Hasegawa 1/72 Harrier GR.7 'RAF'

KIT #: 00380
PRICE: $16.98 MSRP when new
DECALS: Two options
REVIEWER: Kim Elliot
NOTES: Basically an AV-8B with additional bits.


 The Harrier GR.5/7/9 is of a more modern design than its' predecessor, the GR3. Its' structure incorporates composite materials and is designed to accept more powerful Pegasus engine similar to the one used by the US Marine Corps. The second generation Harriers in British service derive from the American AV-8B Harrier II. The GR.7 was the RAF equivalent of the Night Attack Harrier II, using British-specified avionics (GEC-Marconi 1010 FLIR in a fairing on top of the nose; a Smiths Industries wide-angle HUD, a GEC-Marconi color map display, updated mission software, and an NVG-compatible cockpit).  Entirely different countermeasure systems are also fitted, including a Marconi Zeus ECM, a Plessey Missile Approach Warning (MAW) system, and Swedish Bofors BOL chaff dispenser that automatically dispenses chaff when a missile attack is detected.  The ejection seat fitted is a Martin-Baker Type 12  Mark 2. The GR.5/7/9 can to be fitted with twin 25 millimeter Aden revolver cannon. The RAF have also added a Sidewinder launch rail under the landing-gear outriggers. Power for the GR7 is supplied by a Pegasus 105 vectored thrust turbofan, of 21,750 lbf (98 kN) thrust. Early and late production aircraft may be identified by the size and configuration of the LERX, although retrofits in some cases confuse this feature. A total of 96 aircraft were ordered.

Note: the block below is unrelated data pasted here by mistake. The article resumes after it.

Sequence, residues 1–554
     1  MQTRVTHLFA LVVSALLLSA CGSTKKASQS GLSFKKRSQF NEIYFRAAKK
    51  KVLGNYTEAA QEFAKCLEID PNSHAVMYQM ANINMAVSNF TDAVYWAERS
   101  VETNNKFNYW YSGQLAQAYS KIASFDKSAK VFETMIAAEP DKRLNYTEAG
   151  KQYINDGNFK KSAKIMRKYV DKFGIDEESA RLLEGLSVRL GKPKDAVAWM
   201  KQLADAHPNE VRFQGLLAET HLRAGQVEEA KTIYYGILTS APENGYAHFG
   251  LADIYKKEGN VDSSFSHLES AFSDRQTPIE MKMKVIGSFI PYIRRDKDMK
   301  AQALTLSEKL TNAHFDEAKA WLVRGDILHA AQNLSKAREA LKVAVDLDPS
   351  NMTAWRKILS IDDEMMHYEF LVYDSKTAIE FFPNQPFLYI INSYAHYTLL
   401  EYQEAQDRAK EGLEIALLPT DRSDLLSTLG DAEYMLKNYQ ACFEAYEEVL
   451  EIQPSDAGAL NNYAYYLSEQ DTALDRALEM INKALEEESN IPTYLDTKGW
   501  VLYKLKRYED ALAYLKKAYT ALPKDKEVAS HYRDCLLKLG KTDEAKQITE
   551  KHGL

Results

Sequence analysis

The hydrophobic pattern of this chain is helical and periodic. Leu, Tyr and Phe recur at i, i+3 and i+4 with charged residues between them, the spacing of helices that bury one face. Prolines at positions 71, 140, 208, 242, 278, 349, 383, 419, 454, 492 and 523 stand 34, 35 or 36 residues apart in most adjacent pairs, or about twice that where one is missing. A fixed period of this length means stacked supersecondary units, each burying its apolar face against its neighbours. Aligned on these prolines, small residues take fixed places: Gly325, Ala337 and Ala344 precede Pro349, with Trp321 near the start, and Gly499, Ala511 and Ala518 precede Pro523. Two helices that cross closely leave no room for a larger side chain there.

First flight of the Harrier GR7 was in 1989, and deliveries to RAF squadrons began in 1990. Harriers have been flown by four operational Royal Air Force Squadrons and the OEU: No. 1, No. 3, No. 4,  No. 20, and the Strike Attack Operational Evaluation Unit (SAOEU). The Royal Navy also uses Gr.7/9s, in Joint Force Harrier (JFH), by 800 Naval Air Squadron and  801 Naval Air Squadron. JFH will continue operating the Harrier until its replaced between  2014 to 2018 by the UK's new Joint Combat Aircraft (JCA).